Whenever I picture boys running away from a gang of girls who are trying to tie Rakhis, I am reminded of the above scenes from the famous Mustafa Song from Kadhal Desam that came during the same period (Watch at 4.48 seconds) and the girls round up boys at their college and tie up styrafoam garland decorations as Rakhis. I remember a classmate of mine who vowed that he would escape without a single sister one year. Guess what, he ended up like Chinni Jayant in the above picture.
Tying Rakhi to people other than your own siblings and cousins has its merits. All things considered, it was a way to keep flirts and troublesome boys away. It was also a society sanctioned way to friend those kids your parents claimed as a “bad influence.” Claiming them to be your Rakhi siblings hardly left a comeback for the parents in an argument. It was opportunity for an only child to know sibling love and sometimes also led to long standing friendships.
Through I have made Rakhis for other girls in class. Laden with bits of fabric, sequins and embroidery thread, I would churn out Rakhis by the dozen even during class hours. I vaguely remember having made a tiny bit of cash in return for them. Or maybe it was just a couple of diary milk chocolates that were promised to the girls by their rakhi brothers. It would be a lot of work but in the end, I got my money and candy through an honest day’s work that too without running behind anyone.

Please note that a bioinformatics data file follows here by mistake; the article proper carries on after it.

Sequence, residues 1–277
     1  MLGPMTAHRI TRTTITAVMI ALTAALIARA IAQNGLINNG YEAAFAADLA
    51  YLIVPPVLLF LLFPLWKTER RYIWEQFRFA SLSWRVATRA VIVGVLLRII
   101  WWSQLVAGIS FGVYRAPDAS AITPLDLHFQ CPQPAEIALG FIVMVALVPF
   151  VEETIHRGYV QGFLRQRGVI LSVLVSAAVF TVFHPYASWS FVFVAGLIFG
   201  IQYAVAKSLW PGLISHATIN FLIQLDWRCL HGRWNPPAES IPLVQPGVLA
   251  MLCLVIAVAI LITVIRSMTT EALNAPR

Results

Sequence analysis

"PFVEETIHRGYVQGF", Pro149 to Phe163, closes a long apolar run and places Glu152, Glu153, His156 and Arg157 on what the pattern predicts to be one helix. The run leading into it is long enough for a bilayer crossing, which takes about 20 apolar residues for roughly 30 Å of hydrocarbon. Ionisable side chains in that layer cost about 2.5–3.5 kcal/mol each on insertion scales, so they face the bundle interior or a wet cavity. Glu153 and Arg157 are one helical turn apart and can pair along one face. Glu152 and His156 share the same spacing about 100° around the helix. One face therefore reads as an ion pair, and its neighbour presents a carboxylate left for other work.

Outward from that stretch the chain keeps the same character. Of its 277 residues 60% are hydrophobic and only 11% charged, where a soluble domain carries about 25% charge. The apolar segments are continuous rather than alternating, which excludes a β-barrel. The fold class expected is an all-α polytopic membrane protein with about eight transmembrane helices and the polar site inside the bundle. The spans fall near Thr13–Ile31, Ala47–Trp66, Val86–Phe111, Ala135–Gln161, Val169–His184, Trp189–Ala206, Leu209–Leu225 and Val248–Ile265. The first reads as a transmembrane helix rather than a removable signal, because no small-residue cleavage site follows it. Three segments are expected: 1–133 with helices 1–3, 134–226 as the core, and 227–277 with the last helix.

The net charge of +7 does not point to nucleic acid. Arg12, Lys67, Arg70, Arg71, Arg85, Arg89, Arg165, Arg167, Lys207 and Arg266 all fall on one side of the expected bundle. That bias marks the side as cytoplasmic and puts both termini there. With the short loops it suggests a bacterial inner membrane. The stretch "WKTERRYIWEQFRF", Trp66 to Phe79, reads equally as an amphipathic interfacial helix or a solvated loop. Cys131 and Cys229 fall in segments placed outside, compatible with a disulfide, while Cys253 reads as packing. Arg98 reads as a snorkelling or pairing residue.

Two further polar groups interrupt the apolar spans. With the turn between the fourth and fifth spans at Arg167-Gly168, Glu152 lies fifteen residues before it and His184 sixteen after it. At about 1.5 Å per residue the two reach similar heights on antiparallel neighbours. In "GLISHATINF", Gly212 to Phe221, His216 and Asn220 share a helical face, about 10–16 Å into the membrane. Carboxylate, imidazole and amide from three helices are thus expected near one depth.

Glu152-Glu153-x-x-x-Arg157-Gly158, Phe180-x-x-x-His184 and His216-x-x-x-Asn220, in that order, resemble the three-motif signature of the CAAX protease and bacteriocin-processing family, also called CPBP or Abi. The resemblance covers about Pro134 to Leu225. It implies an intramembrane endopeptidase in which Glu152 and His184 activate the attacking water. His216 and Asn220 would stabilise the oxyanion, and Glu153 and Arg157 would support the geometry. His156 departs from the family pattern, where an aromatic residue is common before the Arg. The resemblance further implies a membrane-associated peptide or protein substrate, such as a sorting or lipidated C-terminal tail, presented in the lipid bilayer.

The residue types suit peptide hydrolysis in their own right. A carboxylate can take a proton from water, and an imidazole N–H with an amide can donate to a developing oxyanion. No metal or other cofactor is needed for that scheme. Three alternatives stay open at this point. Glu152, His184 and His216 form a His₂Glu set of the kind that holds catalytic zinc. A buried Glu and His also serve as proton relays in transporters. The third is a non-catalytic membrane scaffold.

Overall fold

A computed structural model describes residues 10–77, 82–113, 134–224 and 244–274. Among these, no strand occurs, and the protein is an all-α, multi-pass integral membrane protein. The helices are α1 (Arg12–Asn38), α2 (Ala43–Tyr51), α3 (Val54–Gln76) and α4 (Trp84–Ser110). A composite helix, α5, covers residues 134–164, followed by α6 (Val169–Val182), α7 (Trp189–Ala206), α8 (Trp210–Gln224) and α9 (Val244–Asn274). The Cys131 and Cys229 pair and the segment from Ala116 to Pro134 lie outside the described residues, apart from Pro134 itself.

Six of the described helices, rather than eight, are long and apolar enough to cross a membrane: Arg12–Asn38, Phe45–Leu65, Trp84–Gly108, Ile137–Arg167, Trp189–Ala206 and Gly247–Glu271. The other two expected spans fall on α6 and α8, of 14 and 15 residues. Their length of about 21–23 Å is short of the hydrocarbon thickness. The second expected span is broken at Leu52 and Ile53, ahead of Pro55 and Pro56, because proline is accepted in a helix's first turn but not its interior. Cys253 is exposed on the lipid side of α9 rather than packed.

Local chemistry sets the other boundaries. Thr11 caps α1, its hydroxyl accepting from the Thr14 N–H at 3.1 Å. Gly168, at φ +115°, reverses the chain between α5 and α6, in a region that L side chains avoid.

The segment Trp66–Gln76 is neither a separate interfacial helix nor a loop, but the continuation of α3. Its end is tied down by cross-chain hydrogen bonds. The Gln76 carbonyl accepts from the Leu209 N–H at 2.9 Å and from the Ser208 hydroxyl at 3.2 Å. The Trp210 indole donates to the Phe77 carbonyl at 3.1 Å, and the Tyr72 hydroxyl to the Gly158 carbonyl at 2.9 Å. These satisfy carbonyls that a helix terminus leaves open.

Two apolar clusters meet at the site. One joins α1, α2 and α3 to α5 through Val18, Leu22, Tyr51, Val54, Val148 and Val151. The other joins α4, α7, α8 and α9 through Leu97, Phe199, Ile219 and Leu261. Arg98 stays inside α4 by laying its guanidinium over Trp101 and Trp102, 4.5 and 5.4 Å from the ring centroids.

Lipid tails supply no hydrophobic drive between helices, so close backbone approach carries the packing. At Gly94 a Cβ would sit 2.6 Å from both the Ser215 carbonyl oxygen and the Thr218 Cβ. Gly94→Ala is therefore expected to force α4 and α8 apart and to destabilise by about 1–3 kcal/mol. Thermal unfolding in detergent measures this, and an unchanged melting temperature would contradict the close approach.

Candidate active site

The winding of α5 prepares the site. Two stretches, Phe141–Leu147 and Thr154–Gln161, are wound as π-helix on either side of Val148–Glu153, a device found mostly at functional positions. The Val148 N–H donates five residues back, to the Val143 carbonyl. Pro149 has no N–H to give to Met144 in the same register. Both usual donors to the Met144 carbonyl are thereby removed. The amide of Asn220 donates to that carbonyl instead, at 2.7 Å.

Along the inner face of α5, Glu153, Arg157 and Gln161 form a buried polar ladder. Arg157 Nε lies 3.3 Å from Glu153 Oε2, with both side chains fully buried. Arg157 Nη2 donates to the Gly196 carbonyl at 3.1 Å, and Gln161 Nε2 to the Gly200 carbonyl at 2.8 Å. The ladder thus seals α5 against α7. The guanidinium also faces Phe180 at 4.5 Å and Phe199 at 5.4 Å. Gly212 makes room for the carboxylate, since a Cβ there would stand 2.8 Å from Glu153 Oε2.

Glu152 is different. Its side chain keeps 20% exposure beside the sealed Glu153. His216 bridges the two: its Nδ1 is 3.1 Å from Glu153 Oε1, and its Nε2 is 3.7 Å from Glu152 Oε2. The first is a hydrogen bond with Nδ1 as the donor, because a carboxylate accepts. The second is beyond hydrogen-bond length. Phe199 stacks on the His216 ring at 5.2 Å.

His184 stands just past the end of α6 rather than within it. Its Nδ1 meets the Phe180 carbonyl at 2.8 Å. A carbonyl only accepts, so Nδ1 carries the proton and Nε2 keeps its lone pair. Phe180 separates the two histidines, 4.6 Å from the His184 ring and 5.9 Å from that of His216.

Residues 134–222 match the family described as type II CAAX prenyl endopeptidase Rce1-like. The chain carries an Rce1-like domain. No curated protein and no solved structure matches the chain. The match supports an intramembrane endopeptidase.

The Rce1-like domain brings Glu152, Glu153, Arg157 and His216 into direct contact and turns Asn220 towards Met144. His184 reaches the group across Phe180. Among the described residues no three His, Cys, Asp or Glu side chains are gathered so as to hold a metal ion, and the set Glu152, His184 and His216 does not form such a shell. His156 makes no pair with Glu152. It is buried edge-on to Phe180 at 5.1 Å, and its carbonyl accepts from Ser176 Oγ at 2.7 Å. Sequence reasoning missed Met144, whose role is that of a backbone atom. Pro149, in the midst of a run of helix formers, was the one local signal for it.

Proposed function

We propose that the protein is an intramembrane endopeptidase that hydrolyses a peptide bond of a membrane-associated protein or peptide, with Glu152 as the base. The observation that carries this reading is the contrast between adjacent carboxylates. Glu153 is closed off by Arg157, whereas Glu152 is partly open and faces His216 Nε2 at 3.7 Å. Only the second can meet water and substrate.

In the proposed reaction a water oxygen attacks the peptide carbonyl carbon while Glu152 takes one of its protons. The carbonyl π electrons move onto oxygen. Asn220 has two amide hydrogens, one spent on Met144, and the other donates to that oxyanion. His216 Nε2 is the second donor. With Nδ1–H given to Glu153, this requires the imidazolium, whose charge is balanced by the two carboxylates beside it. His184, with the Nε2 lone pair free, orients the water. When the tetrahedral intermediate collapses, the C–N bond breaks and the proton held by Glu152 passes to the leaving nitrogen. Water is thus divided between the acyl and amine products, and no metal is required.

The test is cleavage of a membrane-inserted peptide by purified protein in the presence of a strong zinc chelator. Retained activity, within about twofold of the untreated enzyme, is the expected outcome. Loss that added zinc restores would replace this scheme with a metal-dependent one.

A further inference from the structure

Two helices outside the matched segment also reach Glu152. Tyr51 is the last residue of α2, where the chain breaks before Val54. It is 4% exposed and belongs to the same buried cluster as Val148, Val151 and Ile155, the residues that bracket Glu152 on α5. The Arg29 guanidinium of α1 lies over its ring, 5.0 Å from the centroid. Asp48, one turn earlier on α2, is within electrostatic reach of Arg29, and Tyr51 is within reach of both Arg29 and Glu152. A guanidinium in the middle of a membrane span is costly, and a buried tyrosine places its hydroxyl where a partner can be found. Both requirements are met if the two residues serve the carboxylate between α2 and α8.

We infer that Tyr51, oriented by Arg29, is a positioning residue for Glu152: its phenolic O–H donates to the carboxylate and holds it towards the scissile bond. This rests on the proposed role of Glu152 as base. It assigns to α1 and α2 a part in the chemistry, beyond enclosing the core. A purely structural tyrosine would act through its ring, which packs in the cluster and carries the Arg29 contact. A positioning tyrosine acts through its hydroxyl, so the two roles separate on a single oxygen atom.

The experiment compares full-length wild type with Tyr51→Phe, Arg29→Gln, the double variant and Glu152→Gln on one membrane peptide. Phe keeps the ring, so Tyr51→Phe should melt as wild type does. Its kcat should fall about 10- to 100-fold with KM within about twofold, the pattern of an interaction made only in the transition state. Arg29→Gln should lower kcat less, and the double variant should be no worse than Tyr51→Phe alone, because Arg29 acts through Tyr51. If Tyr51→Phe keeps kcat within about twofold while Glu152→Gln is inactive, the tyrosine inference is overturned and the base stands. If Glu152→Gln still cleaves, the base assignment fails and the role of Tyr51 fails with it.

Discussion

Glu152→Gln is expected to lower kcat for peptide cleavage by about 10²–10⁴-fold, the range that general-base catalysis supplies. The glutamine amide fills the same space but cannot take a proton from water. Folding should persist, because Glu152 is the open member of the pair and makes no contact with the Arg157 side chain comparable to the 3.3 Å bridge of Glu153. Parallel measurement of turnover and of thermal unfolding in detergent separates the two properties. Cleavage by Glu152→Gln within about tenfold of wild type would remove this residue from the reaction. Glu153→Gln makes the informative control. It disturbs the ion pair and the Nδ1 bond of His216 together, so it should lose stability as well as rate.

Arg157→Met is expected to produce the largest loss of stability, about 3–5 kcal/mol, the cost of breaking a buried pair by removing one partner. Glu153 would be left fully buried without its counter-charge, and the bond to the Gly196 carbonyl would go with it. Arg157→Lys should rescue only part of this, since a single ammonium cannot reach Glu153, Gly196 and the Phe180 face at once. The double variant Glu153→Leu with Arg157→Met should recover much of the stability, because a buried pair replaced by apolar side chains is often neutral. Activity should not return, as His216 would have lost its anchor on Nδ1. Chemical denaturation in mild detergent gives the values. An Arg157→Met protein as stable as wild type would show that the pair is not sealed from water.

But then if I had Gota flowers and a glue gun with me, it would have been so much easier. I could have made dozens of beautiful Rakhis in no time. So I wrote this tutorial for all the girls out there are looking to make or sell their Rakhis at the last moment.
Make your own Gota Rakhi – DIY Tutorial
This tutorial makes use of Gota appliques to create the Rakhis. If you do not know what Gota is, check out my past posts on Gota and Gota jewelry here. If you do not have access to gota, you could check out this old tutorial of mine of how to make Rakhis out of Fabric yoyos, foam sheet or even beads.
Gota rounds or Gota phool – 1″ and 1.5″ in gold or silver
Metallic thread or Embroidery thread
Embellishments – Ball chain, rhinestones, rhinestone chain – as need be
Glue – glue gun and fabric glue
- Cut two felt circles – one small about 0.75″ diameter and other 1.25″ diameter
- Stack the Gota rounds on top of each other as per your design and glue them. Add a circle of felt in the center as the base for any embellishments that you might want to add